Facility Support Services Insurance Policy Information
Facility Support Services Insurance. As a facility support services professional, you are dedicated to ensuring that the mission-critical facilities of your clients operate at peak efficiency every day of every year. You have the knowledge and expertise to ensure equipment reliability and uptime in data centers, network operations centers, communications facilities, POP sites and SCIF facilities.
You want to provide support operations within your client's facilities with minimum interruption, so get facility support services insurance coverage for any unexpected risks coming along the way.
Facility support services insurance protects your business from lawsuits with rates as low as $47/mo. Get a fast quote and your certificate of insurance now.
Below are some answers to commonly asked facility support services insurance questions:
- How Much Does Facility Support Services Insurance Cost?
- What Type Of Insurance Do Facility Support Services Need?
How Much Does Facility Support Services Insurance Cost?
The average price of a standard $1,000,000/$2,000,000 General Liability Insurance policy for small facility support services businesses ranges from $47 to $59 per month based on location, size, payroll, sales and experience.
What Type Of Insurance Do Facility Support Services Need?
Every facility support services firm has its own unique services that need protection. facility support services insurance presents a comprehensive package that can meet your insurance needs. With the various policies included, you will have the "deep pockets" you need to cover a claim without jeopardizing your firm or your bank account. Following are some of the major coverage types:
General Liability Insurance: No matter the services you provide or how carefully you work, there are certain risks you expose your business to when you staff are working with clients each day. Thanks to the ever-growing reliance on the courts to settle disputes, there is no such thing as a small accident these days. Anyone can be sued; regardless of the safety measures you have in place to prevent accidents on your clients' premises. General liability insurance can protect your firm from financial devastation arising from events you could be liable for.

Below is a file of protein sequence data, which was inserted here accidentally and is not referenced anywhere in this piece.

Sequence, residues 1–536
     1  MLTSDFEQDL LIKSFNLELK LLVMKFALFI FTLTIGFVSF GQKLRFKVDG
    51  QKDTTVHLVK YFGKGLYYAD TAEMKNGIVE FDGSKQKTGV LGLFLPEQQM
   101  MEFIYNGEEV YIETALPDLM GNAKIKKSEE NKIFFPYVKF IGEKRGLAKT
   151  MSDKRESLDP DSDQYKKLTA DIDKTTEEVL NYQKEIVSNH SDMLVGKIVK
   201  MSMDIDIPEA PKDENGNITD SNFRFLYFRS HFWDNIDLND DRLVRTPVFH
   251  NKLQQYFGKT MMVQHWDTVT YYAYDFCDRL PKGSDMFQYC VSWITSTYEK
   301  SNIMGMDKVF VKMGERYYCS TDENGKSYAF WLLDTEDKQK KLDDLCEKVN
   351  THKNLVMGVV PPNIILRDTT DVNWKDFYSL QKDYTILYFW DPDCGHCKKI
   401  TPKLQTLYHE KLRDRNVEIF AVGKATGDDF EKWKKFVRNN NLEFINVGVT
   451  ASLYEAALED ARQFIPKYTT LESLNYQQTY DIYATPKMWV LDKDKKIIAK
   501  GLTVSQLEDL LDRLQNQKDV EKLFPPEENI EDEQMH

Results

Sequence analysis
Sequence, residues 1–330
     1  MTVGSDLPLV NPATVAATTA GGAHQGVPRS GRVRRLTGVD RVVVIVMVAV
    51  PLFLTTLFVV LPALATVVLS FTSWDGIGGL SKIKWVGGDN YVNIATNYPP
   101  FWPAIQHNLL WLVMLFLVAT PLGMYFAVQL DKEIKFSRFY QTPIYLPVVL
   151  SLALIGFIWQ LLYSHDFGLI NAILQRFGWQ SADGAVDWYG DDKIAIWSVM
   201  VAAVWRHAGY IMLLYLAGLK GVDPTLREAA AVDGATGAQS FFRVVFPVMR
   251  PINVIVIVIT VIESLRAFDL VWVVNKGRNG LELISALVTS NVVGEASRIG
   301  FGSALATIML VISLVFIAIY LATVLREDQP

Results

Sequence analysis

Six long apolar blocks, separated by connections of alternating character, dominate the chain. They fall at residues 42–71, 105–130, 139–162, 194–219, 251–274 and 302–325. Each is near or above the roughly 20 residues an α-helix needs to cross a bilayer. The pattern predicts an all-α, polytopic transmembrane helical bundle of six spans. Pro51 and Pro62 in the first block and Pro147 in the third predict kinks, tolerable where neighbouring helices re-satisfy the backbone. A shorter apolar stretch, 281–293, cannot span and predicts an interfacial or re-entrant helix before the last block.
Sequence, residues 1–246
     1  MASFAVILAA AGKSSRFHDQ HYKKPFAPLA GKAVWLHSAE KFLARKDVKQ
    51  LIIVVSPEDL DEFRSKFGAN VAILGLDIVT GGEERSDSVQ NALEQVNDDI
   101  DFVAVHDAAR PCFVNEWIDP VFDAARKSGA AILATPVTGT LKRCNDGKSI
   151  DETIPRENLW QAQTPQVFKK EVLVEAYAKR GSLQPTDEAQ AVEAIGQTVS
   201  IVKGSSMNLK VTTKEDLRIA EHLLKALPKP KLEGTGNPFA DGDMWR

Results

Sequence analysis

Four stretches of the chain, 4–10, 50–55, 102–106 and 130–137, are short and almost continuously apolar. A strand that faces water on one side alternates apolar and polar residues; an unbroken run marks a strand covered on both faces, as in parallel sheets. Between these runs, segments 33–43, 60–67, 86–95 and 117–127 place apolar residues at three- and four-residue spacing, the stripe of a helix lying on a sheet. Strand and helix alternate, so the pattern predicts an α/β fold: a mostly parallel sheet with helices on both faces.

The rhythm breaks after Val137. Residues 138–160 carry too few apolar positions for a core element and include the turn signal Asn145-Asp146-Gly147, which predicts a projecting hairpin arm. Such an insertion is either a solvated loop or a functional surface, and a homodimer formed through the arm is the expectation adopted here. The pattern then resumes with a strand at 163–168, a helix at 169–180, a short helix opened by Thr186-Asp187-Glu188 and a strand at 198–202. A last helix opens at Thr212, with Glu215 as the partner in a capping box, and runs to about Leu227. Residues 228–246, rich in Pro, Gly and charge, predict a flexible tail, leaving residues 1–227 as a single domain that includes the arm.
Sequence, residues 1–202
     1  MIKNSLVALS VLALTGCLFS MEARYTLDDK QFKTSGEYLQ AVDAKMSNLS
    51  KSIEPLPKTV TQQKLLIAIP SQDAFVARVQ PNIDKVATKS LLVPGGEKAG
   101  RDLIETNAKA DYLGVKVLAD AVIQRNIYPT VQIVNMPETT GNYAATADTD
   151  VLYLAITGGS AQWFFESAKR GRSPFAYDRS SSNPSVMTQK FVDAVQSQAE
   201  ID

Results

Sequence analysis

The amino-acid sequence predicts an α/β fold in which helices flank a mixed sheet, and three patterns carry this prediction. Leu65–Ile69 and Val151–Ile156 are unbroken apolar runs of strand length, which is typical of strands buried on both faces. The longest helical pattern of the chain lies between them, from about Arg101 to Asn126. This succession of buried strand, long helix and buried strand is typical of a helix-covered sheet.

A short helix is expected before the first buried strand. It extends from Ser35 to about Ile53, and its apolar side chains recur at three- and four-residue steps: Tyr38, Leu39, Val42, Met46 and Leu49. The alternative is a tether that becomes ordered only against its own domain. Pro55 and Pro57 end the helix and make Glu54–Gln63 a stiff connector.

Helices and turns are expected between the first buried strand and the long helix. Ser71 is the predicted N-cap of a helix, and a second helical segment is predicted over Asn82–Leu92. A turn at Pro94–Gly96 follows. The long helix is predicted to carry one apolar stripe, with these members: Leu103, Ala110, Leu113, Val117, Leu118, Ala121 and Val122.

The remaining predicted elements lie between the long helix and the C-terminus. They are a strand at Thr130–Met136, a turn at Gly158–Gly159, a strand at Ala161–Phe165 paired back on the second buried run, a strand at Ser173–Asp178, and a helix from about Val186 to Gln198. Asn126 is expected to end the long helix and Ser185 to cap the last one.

Worker's Compensation Insurance: Workers comp is required in most states by law for any non-owner employees. It is also usually contractually required by your clients.
You rely on the help of your staff to make sure your facility support services firm runs smoothly. From the receptionists who handle your appointments to the staff working at your clients' premises, your employees help make your business a success. workers comp coverage can pay out for medical bills, loss of work, and other fees incurred to your employees if they are injured on the job.
Business Property / Contents: Usually written on an "all risk" basis, this facility support services insurance covers your normal contents, furniture and fixtures, as well as supplies and specialized work equipment. In most cases the coverage is written on a "Replacement Cost" basis, so current pricing always needs to be considered.
Employment Practices Liability Insurance: EPLI insurance provides the protection you need should one of your employees allege any number of employment practice violations. These violations include race, age or gender discrimination, sexual harassment and wrongful termination. EPLI is essential coverage in today's litigious workplace.
Employee Dishonesty Insurance: The facility support services industry comprises establishments primarily engaged in providing operating staff to perform a combination of support services within a client's facilities. Employee dishonesty insurance offers coverage against direct physical loss of personal property, including money caused by the dishonest acts of your employees.
Commercial Auto Insurance: Even if you do not own business vehicles, your staff may use their auto on your behalf (such as going to the bank, store, clients, etc.) which generates the need for automobile insurance. With this non-owned auto policy, employers ascertain that they are also protected from liability that stems from employees that may use their own vehicles for any errand of your clients. Generally, you need this facility support services insurance policy if:
- If you use your auto to conduct your services.
- You need higher limits of liability then a personal policy offers.
- Haul a considerable weight in tools or equipment used to conduct your business.
- Employees operate the auto or if ownership is in the name of your firm.
Hired Auto - Provides protection for legal liability arising from the use or maintenance of a hired auto.